Man, listen. I’ve been a Godzilla fan my entire life. I’ve seen every Godzilla movie (from every era), and have been following the MonsterVerse ever since it began, which means I was super excited for Godzilla Minus One.
Hell, I even like the 1998 Godzilla movie that nobody seems to like. In every way, I definitely foresee myself being a lifelong Godzilla fan. In fact, one of my happiest moments was when I met the first Godzilla actor, Haruo Nakajima (RIP) at Comic-Con, and he autographed a picture for me. Said picture is now hanging in my basement.
But, let me tell you something. Never in my existence did I ever think there would be a Godzilla movie better than the 1954 original. It just seemed untouchable. Well, I’m blown away to tell you that not only has it been touched, but it’s been blasted away with atomic breath, because Godzilla Minus One is the new greatest Godzilla movie ever made, and I have five reasons why.
For The First Time Ever, I Truly Cared As Much About The Human Characters As I Did For Godzilla
Look, Godzilla has always been the main attraction when it comes to Godzilla movies. I mean, why should we care about the people he stomps on? The only reason they’re there in the first place is so he CAN stomp on them! Or at least, that’s what I used to think before I saw Godzilla Minus One.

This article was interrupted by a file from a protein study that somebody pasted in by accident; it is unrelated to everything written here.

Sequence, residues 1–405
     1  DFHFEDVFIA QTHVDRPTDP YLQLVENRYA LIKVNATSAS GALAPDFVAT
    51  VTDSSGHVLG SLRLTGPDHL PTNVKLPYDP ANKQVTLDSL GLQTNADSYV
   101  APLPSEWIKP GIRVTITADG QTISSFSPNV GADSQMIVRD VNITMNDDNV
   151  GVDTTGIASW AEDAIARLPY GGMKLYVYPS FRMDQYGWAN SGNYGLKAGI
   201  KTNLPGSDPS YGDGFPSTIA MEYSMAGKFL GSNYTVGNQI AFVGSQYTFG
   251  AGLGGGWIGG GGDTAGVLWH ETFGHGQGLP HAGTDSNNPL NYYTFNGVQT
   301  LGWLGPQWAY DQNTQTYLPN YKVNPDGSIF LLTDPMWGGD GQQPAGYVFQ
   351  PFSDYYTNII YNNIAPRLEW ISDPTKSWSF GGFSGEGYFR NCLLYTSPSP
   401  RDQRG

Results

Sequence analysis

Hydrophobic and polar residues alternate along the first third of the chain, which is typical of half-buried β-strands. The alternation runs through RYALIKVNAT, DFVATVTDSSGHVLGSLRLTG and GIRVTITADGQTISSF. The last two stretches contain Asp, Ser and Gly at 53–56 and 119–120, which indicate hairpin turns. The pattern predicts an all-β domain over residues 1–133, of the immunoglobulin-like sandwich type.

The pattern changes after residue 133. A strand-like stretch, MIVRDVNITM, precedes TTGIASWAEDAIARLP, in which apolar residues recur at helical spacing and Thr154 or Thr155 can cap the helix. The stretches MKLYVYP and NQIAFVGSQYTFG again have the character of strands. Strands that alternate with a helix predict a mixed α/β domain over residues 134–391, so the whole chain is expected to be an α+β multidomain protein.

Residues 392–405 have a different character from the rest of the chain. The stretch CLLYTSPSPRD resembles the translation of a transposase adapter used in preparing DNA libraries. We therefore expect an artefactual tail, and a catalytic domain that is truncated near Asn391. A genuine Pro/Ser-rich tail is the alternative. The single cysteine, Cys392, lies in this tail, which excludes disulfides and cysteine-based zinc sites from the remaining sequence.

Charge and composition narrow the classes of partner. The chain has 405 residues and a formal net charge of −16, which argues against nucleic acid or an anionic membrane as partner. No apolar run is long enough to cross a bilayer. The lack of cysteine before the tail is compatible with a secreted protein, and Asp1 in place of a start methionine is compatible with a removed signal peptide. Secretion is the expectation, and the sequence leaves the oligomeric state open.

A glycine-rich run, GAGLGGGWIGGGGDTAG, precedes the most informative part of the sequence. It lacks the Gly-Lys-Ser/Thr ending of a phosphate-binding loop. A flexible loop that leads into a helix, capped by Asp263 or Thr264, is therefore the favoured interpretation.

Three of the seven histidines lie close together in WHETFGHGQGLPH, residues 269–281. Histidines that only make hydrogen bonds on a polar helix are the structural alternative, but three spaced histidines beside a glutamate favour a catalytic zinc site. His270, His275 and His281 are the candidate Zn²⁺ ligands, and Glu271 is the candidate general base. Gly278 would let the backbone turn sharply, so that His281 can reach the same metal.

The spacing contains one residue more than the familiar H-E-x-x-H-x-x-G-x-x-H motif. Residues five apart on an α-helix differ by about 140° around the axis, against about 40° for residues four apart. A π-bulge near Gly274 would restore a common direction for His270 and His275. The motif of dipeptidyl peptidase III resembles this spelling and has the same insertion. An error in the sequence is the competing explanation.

This is because for the first time ever in a Godzilla movie, I actually cared about the human characters. Not only that, but I actually wanted the humans to defeat Godzilla.
Imagine that! I’ve never wanted Godzilla to lose. I’m like Dr. Yamane in the first movie: “Godzilla should not be destroyed. He should be studied!” But no, this version of the monster could never be studied, because this is the enemy of the people, which is totally unsympathetic.
This isn’t like the Godzilla in the MonsterVerse (which is the best shared universe we currently have). That Godzilla almost seems to be on the side of humankind. But this Godzilla is a destructive force, and I didn’t want to see the protagonists in this film be destroyed.
One said protagonist named Shikishima is a complex character who was ordered to be a kamikaze pilot during World War II, but was too scared, and is haunted by his sense of “failure.” Another is a woman named Noriko Oishi who takes in a child that is not her own because the kid has lost her parents. The other main characters work together to try and stop Godzilla, and you come to like them so much you don’t want to see any of them die.
This is huge for me, and it almost kind of feels like Cloverfield, which makes sense since the director of Godzilla Minus One learned lessons from watching Cloverfield, and we’re all the better for it.